Three out of every 10 Koreans feel they have become more unhappy since the global financial crisis in 2008. Not only those in the low-income bracket but even wealthy people with more than W2 billion (US$1=W1,110) in assets feel less happy, according to a survey by Hyundai Research Institute of 709 adults nationwide released Sunday.
Six out of 10 Koreans think economic factors have a big impact on their happiness.
Some 28.5 percent said they feel less happy since the global crisis, while only 15.4 percent said they feel happier. Some 56.1 percent reported no change.
The group with the biggest proportion who feel more unhappy are those who make less than W1 million (US$1=W1,110) a month with 50 percent, followed by the self-employed (44 percent), those who completed junior high school or less (40.9 percent) and people over 50 age (38.6 percent).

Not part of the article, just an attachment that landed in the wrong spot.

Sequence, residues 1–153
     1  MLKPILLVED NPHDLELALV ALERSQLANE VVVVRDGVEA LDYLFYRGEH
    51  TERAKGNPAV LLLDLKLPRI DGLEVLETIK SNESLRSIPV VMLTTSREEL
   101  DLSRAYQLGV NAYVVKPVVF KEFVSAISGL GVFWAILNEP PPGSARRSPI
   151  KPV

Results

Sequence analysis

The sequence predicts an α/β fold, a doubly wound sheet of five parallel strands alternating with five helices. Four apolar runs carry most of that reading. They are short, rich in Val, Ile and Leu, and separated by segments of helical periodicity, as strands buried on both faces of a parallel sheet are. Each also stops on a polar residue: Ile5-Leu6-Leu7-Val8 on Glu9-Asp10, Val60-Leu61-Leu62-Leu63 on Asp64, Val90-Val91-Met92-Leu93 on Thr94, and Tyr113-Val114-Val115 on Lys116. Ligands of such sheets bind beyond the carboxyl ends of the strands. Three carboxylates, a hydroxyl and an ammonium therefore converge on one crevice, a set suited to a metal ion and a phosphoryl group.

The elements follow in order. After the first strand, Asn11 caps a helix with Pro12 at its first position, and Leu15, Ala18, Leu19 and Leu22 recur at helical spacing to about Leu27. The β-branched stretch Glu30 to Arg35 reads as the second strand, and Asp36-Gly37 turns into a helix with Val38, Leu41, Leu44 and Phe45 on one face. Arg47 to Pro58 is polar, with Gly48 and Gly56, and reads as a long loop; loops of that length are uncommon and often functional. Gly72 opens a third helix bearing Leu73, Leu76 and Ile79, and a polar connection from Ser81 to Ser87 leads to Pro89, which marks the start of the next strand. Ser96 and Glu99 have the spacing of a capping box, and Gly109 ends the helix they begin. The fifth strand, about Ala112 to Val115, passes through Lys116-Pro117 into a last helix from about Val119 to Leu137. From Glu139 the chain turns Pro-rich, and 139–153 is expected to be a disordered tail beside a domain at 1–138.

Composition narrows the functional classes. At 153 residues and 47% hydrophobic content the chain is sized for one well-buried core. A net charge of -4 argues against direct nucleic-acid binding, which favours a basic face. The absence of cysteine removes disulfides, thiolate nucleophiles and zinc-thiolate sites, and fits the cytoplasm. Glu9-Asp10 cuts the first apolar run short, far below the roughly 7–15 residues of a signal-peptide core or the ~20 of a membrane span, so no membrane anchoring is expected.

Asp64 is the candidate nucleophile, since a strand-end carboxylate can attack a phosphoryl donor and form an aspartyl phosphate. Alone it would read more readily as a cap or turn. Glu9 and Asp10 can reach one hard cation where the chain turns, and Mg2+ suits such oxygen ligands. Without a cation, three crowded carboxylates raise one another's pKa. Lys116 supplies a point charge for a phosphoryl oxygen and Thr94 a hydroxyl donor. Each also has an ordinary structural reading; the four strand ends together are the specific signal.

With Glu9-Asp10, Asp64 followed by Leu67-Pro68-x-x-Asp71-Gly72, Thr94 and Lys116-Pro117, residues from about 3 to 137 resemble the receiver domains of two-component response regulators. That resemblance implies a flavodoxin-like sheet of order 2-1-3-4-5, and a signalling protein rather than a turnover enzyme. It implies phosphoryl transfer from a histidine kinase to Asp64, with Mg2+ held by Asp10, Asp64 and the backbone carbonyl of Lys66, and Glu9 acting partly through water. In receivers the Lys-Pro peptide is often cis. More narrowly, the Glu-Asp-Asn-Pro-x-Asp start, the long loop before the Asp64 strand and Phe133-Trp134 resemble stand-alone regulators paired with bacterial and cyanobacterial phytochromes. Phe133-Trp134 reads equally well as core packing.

Among those with more than W2 billion in assets, 40 percent are less happy
The high proportion of unhappiness among the wealthy can be attributed to their dissatisfaction with falling real estate value since the financial crisis.
Single women in their 20s with university degrees who work for the government feel happiest.
But 40.5 percent of respondents said they are satisfied overall, while 50.9 replied they are somewhat satisfied and only 8.6 percent dissatisfied with their circumstances.
Asked what the top priorities of the next president should be to improve people's happiness, 38.4 percent cited stabilizing consumer prices, while 24.8 percent pointed to job growth.